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Freshman Lawmaker Who Ran Tully's Coffee in Japan Urges Corporate Tax Cut
“The Japanese government is not too friendly to companies, enterprises and entrepreneurs,” said Matsuda, one of 10 members of the fledgling Your Party to win seats in the upper house of parliament. “The corporate tax is very high in Japan; it’s over 40 percent. Many of my friends who own and manage public companies are considering moving out of Japan soon. That’s a very big risk.”
The 41-year-old lawmaker said in an interview last week that he will bring unique business skills to parliament as Japan struggles to sustain economic growth and reverse more than a decade of falling prices. He brought Seattle-based Tully’s Coffee to Japan in 1997, building it up to become the No. 2 specialty outlet after Starbucks Coffee Japan Ltd.
Matsuda said the business tax rate should first be cut to 25 percent and eventually 20 percent.
Yasunori Sone, a political science professor at Keio University in Tokyo, said Matsuda’s experience as a chief executive officer will be useful in policy decisions while his success in business doesn’t guarantee political achievements.
“CEOs tend to have the ability to see overall pictures and figure out what to cut and what to focus on,” said Sone in a phone interview today. “But he’s in a small opposition party, and doing politics is more difficult than running a coffee business.”
Your Party, formed less than a year ago, has said it is willing to work with Prime Minister Naoto Kan’s ruling Democratic Party of Japan on some policies, while ruling out a coalition. The DPJ failed to obtain an upper-house majority in the July 11 election, meaning it may need opposition support to pass legislation.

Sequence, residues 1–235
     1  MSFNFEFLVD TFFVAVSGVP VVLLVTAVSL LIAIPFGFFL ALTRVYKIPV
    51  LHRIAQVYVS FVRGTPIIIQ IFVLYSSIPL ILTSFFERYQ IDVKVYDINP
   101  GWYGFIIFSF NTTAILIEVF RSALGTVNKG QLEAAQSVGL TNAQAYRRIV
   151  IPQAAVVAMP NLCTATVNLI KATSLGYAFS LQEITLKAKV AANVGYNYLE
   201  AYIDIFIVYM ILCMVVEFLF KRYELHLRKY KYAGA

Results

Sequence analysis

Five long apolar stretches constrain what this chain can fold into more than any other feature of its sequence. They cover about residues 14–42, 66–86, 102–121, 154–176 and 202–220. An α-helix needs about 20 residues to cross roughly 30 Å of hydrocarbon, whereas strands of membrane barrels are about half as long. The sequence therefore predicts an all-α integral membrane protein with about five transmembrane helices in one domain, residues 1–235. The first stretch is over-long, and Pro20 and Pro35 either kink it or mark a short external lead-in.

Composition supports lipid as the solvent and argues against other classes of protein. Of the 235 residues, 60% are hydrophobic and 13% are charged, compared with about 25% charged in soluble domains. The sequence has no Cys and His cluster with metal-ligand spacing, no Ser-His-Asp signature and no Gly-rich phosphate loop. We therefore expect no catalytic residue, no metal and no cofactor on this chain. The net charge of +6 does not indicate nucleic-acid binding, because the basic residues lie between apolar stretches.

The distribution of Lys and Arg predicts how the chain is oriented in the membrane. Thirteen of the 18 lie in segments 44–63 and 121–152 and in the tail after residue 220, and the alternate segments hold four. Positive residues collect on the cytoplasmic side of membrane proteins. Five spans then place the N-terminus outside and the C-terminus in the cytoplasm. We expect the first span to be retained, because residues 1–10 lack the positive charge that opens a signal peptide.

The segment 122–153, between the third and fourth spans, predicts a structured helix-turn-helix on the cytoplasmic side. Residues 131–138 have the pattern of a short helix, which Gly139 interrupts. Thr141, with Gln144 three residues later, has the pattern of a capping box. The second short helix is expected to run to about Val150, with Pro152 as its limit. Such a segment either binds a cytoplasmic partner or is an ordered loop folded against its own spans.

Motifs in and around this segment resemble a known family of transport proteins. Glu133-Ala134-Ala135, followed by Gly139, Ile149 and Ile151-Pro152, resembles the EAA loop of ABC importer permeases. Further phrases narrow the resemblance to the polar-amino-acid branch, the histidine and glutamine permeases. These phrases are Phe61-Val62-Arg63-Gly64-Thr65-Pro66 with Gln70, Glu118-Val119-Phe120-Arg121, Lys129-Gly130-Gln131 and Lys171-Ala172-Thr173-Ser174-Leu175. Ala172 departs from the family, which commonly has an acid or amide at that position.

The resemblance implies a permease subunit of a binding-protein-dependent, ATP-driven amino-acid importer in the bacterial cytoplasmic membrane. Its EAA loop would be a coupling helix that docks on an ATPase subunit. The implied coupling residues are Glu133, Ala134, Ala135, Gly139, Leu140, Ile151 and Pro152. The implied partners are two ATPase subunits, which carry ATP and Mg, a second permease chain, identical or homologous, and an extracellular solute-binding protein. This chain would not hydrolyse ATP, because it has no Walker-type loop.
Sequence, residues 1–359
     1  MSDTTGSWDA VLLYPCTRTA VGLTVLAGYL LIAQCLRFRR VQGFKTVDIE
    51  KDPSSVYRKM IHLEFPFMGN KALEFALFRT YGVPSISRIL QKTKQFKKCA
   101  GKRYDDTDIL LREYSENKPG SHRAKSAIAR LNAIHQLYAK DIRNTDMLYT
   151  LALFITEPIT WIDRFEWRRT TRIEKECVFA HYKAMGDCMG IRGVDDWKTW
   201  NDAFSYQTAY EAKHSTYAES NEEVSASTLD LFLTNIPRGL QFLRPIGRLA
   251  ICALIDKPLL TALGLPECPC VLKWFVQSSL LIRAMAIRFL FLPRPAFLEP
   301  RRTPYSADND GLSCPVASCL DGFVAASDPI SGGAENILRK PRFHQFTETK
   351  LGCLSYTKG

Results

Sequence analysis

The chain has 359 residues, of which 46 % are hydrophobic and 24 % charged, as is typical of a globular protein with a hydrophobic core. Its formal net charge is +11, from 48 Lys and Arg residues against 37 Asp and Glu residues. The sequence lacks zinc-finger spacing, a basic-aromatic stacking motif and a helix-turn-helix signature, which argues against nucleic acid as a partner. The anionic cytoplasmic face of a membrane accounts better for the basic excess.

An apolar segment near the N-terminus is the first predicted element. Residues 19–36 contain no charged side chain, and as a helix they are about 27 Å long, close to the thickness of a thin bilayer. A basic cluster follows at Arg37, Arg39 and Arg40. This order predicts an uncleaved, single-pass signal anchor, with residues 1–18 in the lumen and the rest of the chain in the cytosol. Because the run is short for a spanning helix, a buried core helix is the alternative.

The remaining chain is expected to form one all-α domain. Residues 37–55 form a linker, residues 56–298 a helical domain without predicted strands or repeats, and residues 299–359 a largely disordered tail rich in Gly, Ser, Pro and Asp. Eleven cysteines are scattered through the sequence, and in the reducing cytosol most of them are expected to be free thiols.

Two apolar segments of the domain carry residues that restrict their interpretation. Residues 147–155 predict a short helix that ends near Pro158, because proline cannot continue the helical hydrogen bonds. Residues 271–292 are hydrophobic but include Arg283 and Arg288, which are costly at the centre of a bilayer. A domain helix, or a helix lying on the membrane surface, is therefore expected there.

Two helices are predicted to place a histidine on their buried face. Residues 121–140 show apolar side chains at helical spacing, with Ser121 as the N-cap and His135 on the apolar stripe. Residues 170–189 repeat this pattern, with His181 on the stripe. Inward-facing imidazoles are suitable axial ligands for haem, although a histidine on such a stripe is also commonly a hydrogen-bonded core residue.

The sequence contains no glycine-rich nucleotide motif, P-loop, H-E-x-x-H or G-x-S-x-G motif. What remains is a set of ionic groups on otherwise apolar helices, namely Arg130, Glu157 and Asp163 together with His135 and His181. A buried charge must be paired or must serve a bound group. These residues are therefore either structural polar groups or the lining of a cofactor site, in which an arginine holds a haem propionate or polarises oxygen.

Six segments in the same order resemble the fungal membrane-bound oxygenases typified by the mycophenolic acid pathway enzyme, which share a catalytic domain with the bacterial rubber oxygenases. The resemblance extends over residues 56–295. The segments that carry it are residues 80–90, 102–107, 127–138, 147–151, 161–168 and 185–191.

Your Party plans on using its “leverage” to push the government and the Bank of Japan to set an inflation target of 2 percent, party head Yoshimi Watanabe said in a July 14 interview. The party opposes Kan’s efforts to raise the national sales tax from 5 percent.
Matsuda, who grew up in Senegal and the U.S. before attending university in Japan, slept on the floor of the first Tully’s in Tokyo’s Ginza district for six months. When he took the company public in 2001, the stock doubled from the initial offer price to 320,000 yen. Ito En Ltd. in 2006 spent 4.8 billion yen ($54.7 million) to buy a controlling stake.
Japan trails China, South Korea and Hong Kong in luring foreign companies, Matsuda said. He said he was asked to move Tully’s headquarters six years ago by Singaporean officials who pledged to further reduce taxes. Japan’s corporate rate of about 40 percent compares with an average of 26 percent within the Organization for Economic Cooperation and Development.
“I’m probably the one and only person who has the experience of taking a company public” in parliament, Matsuda said. “I’d like to bring the view of how average Japanese are thinking, and bring that thinking to negotiations, and talks with other politicians.”
Watanabe’s Your Party supports lower company taxes and trimming the number of bureaucrats in Japan by one-third.
Matsuda moved with his family to Senegal for his father’s work when he was five and learned to speak French at the local kindergarten. He remembers being labeled as Chinese by kids at the time. He moved to Massachusetts in 1979, playing soccer and graduating from Lexington High School outside Boston. Returning to Japan, he faced some prejudice for not being Japanese enough at Tsukuba University, northeast of Tokyo.
“My African and American friends used to make fun of me for eating raw fish,” Matsuda said. At college, “my friends said I was different because I was a returnee.”
Approached earlier this year by Your Party lawmaker Keiichiro Asao to run for office, Matsuda initially declined.
“My honest reaction was no,” he said. “After I talked with him a few times, I thought I should be a politician to first reform Japan. I’m not too proud of Japan’s situation right now.”
With parliament set to begin its new session tomorrow, Matsuda says his atypical upbringing may prompt fellow legislators to regard him as slightly odd.
“If people look at me that way, maybe I can use that to my advantage to bring about more drastic change,” he said.